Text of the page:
Fun Fridays and more

"Mental wellness" has become the optimal phrase upon students' return to in-person classroom instruction post-COVID-19. Find out what strategies you can employ in your publications program to deal with the stress of producing daily, weekly or monthly journalism-related work. Learn about activities like Hidden Meanings Fridays and Battle of the Poll Mondays. Presented by Tommy Li.

Get a grip on grading

Leave this session with a concrete grading methodology that makes you happy along with ways to get a grip on advising multiple levels and publications during the same class period. You’re willing to do anything to save your program, so you’ve agreed to take multiple publications in the same room during a single block and/or you have a variety of experience levels in the same room. It’s OK, you can become the MASTER RINGLEADER of your own circus. Presented by Val Kibler, MJE.

Hustle and workflow

Ideal for large staffs and big productions, this system breaks students down into specialized departments and roles to maximize production. Learn how to cater to students' strengths with this system while bolstering morale and productivity. Presented by Phillip Caston, CJE.

It's not the wand. It's the wizard, Harry.

It doesn't matter what equipment you have — video basics are video basics. This session will cover easy steps to increase the quality of your video without a major purchase of equipment. Presented by A.J. Chambers, MJE.

Journalism wars: The return of the Jedi (Adviser)

Is this your second time or more being a publications adviser? Then you won't want to miss the tips offered for those returning to oversee a journalism program after taking a short break. Find out how to bring back the (journalism) force to work in your favor. Presented by Tommy Li.

Lights, camera, action

So you've been asked to produce a broadcast news show for your school. Now what? Learn some tips on how to encourage students to produce high-quality video broadcasts. Presented by A.J. Chambers, MJE.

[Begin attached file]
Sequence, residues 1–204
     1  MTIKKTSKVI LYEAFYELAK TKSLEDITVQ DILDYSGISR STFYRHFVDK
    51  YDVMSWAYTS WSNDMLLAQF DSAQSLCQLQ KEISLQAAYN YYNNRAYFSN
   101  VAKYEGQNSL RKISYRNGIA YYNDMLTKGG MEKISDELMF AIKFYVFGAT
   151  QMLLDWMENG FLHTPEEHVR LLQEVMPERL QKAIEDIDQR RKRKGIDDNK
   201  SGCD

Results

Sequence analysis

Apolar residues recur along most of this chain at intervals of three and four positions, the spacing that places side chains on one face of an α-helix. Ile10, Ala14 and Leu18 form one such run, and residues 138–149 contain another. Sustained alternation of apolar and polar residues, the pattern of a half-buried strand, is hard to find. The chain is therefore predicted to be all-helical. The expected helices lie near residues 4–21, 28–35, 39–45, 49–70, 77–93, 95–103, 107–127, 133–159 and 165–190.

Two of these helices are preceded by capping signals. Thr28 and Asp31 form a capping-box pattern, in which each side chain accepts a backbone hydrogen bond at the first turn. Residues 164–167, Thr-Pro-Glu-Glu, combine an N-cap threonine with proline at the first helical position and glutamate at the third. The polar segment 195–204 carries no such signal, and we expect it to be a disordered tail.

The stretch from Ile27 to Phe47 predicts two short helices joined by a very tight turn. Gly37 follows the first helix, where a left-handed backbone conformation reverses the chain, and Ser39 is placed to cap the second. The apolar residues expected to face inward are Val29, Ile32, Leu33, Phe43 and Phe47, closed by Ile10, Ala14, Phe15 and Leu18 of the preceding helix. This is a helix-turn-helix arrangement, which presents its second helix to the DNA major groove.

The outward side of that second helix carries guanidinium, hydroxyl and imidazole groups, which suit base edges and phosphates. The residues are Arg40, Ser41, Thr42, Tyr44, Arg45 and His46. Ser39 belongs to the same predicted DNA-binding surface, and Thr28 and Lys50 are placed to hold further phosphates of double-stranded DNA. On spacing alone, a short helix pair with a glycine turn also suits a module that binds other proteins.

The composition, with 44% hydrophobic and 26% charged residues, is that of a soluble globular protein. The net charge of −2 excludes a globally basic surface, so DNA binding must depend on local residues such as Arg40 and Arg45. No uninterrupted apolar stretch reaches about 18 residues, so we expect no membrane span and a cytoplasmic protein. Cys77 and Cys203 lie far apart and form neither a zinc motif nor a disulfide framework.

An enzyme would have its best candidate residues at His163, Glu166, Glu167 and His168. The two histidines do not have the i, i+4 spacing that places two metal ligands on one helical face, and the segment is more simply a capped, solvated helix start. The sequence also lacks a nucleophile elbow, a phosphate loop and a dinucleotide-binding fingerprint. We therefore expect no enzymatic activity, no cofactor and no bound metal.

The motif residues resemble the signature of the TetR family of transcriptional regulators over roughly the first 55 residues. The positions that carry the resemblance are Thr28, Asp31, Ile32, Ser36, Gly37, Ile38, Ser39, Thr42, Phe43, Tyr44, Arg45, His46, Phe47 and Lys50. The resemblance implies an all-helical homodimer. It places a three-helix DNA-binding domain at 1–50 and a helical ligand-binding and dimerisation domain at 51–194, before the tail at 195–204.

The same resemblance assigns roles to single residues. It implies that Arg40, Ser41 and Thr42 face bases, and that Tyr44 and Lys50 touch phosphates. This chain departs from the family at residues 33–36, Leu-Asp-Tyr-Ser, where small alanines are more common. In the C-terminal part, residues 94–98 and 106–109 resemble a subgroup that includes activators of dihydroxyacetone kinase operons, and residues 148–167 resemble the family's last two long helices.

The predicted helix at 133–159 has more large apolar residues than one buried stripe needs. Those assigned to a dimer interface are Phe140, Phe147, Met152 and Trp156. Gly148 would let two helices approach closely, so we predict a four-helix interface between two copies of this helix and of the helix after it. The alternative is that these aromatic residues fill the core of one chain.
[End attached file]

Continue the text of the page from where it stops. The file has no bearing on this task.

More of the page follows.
Lit mag A-Z

Lit mag A-Z covers the basics of running a literary art magazine and provides an overview of staff structure, soliciting artwork and writing, design and ethics. The presentation includes valuable information for experienced literary art magazine staffers as well as students who intend on participating in literary art magazine production in the future. Presented by David Ragsdale, CJE.

Next-level leadership

You might have your leadership team in place for next year, but in order to get your entire staff to the next level, you will need to continue to train and push your leaders to be even stronger. Learn some strategies to get the most out of your leadership team. Presented by Val Kibler, MJE.

Our images are our legacy …

But only if we can find them 10 years from now. That's what establishing an efficient and effective workflow is all about. Come learn and discuss a workflow that, when students use it, will enable them to find any photo with just a few clicks complete with caption information whether that photo is for an Instagram post the same day it was taken, for the newspaper a week from now, for the yearbook later this year or for a reunion book in 25 years. Presented by Bradley Wilson, MJE.

Profile power

Profiles are the heart of any student publication, and this session will provide you with tools and examples to teach your students how to tell the stories of people in your school community. Presented by Lindsay Benedict, CJE.

Rec letter 101

Every fall, our top editors ask their advisers to write their college recommendation letters for them. If you want to find out ways to spice up these rec letters, then here's where you can pick up some tips that could potentially increase students' chances of getting into their dream college. Presented by Tommy Li.